appeared. As one might expect, Kennedy appeared dashing in his well-tailored suit and a tan to go with it. Nixon, on the other hand, appeared thin and sweaty following his recent trip to the hospital. According to CNN, Nixon refused to wear makeup offered to him by CBS. Instead, makeup artists put LazyShave on hane Nixon’s face, which was designed to get rid of his

Kennedy, Nixon appeared decrepit and oldfashioned. A highlight of the debate occurred when Kennedy sharply criticized Nixon and his party. “It is a fact that through most of these last 25 years, the Republican leadership has opposed federal aid for education and medical care for the aging,” Kennedy said. ewell Even when he had the opportunity to speak after Kennedy, Nixon appeared to recite his In addition to his gaunt and pale look, Nixon words without passion or exuberance. Although it remains debatable who actually the debate. won the debate, it’s clear Kennedy had the upper When Nixon stood at the podium, viewers hand by appearing more youthful and lively than could see him constantly shift his weight between Nixon. his legs. The debates of 1960 forever changed the way Instead of standing straight and upright like Americans learned about political candidates and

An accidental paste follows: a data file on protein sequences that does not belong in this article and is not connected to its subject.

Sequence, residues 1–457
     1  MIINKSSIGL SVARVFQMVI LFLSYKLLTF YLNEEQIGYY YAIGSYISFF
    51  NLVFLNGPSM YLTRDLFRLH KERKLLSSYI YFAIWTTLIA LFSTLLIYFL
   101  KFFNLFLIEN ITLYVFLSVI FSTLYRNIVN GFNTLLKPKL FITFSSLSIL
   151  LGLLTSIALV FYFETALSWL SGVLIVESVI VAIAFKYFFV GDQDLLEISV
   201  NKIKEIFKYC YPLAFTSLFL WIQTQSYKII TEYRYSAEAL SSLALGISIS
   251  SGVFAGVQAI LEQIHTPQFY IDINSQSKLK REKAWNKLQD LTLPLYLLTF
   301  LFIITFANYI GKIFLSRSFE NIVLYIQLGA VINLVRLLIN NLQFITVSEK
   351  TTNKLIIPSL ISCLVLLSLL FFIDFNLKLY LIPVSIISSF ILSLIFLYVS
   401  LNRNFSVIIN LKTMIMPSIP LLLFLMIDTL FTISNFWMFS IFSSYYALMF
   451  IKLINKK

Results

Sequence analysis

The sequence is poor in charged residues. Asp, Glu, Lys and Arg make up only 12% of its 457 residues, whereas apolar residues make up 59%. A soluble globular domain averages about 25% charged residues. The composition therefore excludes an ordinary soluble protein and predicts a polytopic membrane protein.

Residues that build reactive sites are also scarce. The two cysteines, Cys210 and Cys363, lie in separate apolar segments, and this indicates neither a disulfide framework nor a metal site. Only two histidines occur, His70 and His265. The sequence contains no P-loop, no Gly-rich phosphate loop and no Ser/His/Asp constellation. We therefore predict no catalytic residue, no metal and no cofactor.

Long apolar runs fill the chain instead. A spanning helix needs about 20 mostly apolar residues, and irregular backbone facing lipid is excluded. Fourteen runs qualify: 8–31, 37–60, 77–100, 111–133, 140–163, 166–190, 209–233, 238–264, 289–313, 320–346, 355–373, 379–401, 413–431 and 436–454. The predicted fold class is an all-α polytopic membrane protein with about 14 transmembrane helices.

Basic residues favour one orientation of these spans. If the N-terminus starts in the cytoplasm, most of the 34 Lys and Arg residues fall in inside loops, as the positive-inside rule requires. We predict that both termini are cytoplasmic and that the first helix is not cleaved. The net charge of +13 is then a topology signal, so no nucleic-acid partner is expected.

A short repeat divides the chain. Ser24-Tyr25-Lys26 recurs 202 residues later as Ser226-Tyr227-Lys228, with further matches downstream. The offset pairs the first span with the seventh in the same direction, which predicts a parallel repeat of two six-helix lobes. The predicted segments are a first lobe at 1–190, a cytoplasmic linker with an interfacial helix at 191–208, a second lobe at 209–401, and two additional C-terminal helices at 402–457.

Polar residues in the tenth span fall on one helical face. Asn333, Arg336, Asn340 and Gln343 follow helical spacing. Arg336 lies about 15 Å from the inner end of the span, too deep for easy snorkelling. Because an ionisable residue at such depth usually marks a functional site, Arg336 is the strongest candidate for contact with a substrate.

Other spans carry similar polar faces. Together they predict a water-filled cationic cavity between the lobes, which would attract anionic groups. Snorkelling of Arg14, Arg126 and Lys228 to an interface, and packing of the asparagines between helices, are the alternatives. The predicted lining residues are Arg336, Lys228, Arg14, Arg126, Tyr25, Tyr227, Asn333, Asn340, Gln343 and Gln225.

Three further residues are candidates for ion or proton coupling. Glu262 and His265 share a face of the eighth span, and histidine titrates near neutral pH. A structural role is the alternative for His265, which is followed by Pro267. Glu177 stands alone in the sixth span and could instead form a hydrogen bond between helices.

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their campaigns. On radio, it was impossible to discern the body or facial movements of political candidates. On television, one could see a politician sweat, smirk or appear nervous. Without his success in the nationally televised debates, it’s uncertain whether Kennedy would have won the presidency. As the anniversary of his assassination approaches, it’s important to remember how Kennedy revolutionized politics. The election of 1960 and its reverberations will likely resonate for many years to come. For better or worse, Kennedy’s masterful use of the television debates to his advantage proved that the medium is more important than the message. Shane Newell is a junior journalism major and the opinions editor at the Daily 49er.